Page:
(In reply to Jacob Bramley [:jbramley] from comment #3) > Comment on attachment 609983 [details] [diff] [review] > /home/mrosenberg/patches/optModr0.patch > > Review of attachment 609983 [details] [diff] [review]: >  > > I'm not finished with this yet, but I won't have time to finish it today so > I'm submitting a partial review now. Fine by me. > > asr r1, r0, #(shift1) > add r1, r0, r1, LSR #(32shift) > bic r1, r1, #(1<<shift1) > sub r1, r0, r1 > > (in = r0, out = r1) > > (The method came from an excellent book called "Hacker's Delight"; I just > ported it to ARM.) > That is neat, I'll have to sit down and figure out how it works. > @@ +572,5 @@ > > + masm.ma_b(&fin, Assembler::Zero); > > + masm.ma_rsb(Imm32(0), out, NoSetCond, Assembler::Signed); > > + masm.ma_and(Imm32((1<<ins>shift_)1), out); > > + masm.ma_rsb(Imm32(0), out, SetCond, Assembler::Signed); > > + if (!bailoutIf(Assembler::Zero, ins>snapshot())) { > > Does this exist just to test the negativezero case? If so, it might be nice > to run the test only for negative inputs, since positive inputs with a > result of 0 might be common, and will never produce negative zero. I could try that. As it is, we don't execute the bailout if we got a result of positive zero, since the only instruction that executed that set a condition code was the initial movs, and that did not set the zero flag due to jumping to the end of this LInstruction very early. Were you thinking of something along the lines of (Assuming we keep this implementation, rather than the unconditional one you gave above): movs dest, src; rsbmi dest, dest, #0 and dest dest #mask bpl fin rsbs dest, dest, #0 ldrz pc, bailout_addr fin: > ::: js/src/ion/arm/MacroAssemblerarm.cpp > @@ +722,5 @@ > > return Always; > > } > > > > +void > > +MacroAssemblerARM::ma_mod_mask(Register src, Register dest, Register hold, int32 shift) > > I don't like the naming of this. It doesn't handle masks, it just handles > values that are one less than a power of two. yeah, someone suggested that name very late at night, and it was a whole lot shorter than ma_mod_pow_two_minus_one(). In general, I'm really bad at choosing names, so any suggestions are welcome. > > @@ +728,5 @@ > > + // MATH: > > + // We wish to compute x % (1<<y)  1 for a known constant, y. > > + // first, let b = (1<<y) and C = (1<<y)1, then think of the 32 bit dividend as > > + // a number in base b, namely c_0*1 + c_1*b + c_2*b^2 ... c_n*b^n > > + // now, since both addition and multiplication commute with modulus, > > I don't think this is true. Consider this (with madeup values to > demonstrate): > >  Addition  > > (a*b + c*d) % m => (a*b)%m + (c*d)%m > (5*2 + 3*2) % 4 => (5*2)%4 + (3*2)%4 > 16 % 4 => 10 %4 + 6 %4 > 0 => 2 + 2 > > Thinking logically, addition commutes with modulus in a sense, but only > if you apply the modulus to the final result as well. That is: > yeah, I was speaking of congruence classes modulo some constant, rather than the actual modulus operator, which converts all elements of a congruence class to a single canonical value (or one of two in the case of JS) > (a*b + c*d) % m => ((a*b)%m + (c*d)%m) % m > > We see this with fixedwidth registers, since every arithmetic operator > effectively has a mod(2^width) effect when it write the results back to > the register. > >  Both  > > (a*b + c*d) % m => (a%m)*(b%m) + (c%m)*(d%m) > > (5*2 + 3*2) % 4 => (5%4)*(2%4) + (3%4)*(2%4) > 16 % 4 => 1 * 2 + 3 * 2 > 0 => 7 > 1*2 == 2; 3*2 == 6; 2+6 == 8 \equiv 0 mod 4 > For example: > > uint32_t n = 1022; > uint32_t m = 10; > for (uint32_t p = clz(m); p >= 0; p) { > while (n >= (m<<p)) { > n = (m<<p); > } > } > return n; > > // The result will be 1022 % 10 = 2. > // The same technique can be used to perform division by counting the > // iterations (modified by p). > > At a glance, the above pseudocode is similar to your implementation, > except that I don't handle negatives. I haven't looked closely at it, > though. It's not necessary to use complicated maths to explain this. I've thought about the similarities between my implementation, and the one that is already used for div. I believe that the actual algorithm used for div is very similar to unrolling this loop (I think they also get rid of the inner loop by observing that it will run either 0 or 1 times) The advantage of my algorithm is the number of iterations you need to perform. replacing 10 with 15, this will (presuming you meant p = clz(m)clz(n)): b = 1022 m = 15 p = clz(15)  clz(1022) > p = 6 1022 >= 960 > true n = m<<p > 1022 = 960 > n = 62 62 >= 960 > false p > p = 5 62 >= 480 > false p > p = 4 62 >= 240 > false p > p = 3 62 >= 120 > false p > p = 2 62 >= 60 > true n = m << p > 62 = 60 > n=2 2 >= 60 > false p > p = 1 2 >= 30 > false p > p = 0 2 >= 15 > false my algorithm expressed in C is roughly: uint32_t n = 1022; uint32_t m = 15; uint32_t log2_m = 32  clz(m) uint32_t acc = 0; uint32 tmp; while (n != 0) { acc += n & m; if (acc >= m) acc = m; n >>= log2_m; } return acc; which will have a trace that looks like: n = 1022 m = 15 log2_m = 32  clz(m) > log2_m = 4 1022 != 0 > true acc += n & m > 0 += 1022 & 15 > acc = 14 acc >= m > 14 >= 15 > false n >>= log2_m > 1022 >= 4 > 63 n != 0 > 63 != 0 > true acc += n & m > 14 += 15 > acc = 29 acc >= m > 29 >= 15 > true acc = m > 29 = 14 > acc = 14 n >>= log2_m > 63 >>= 4 > n = 3 n != 0 > 3 != 0 > true acc += n & m > 14 += 3 & 15 > acc = 17 acc >= m > 17 >= 15 > true acc = m > 17 = 15 > acc = 2 n >>= log2_m > 3 >>= 4 > n = 0 n != 0 > 0 != 0 > false In this example, it is only a few evaluations shorter, but I think in general, it does less work because each step of the loop processes at *least* two bits of n, whereas decrementing p by one each time only processes a single bit.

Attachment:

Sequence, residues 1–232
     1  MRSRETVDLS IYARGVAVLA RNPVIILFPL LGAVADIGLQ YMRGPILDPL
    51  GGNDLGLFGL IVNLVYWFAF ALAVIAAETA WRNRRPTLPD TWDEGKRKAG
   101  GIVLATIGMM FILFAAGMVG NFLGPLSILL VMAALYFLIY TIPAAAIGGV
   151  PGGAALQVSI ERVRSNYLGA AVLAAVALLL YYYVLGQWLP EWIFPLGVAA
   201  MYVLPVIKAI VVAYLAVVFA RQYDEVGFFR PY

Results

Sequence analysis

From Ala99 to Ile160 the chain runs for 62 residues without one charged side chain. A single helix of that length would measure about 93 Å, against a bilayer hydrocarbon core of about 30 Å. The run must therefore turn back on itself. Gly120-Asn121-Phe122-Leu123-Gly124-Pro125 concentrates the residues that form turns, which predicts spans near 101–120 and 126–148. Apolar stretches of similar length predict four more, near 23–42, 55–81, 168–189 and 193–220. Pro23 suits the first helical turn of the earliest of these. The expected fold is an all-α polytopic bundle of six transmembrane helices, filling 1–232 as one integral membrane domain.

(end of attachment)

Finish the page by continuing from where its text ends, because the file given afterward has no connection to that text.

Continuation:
Comment 5•10 years ago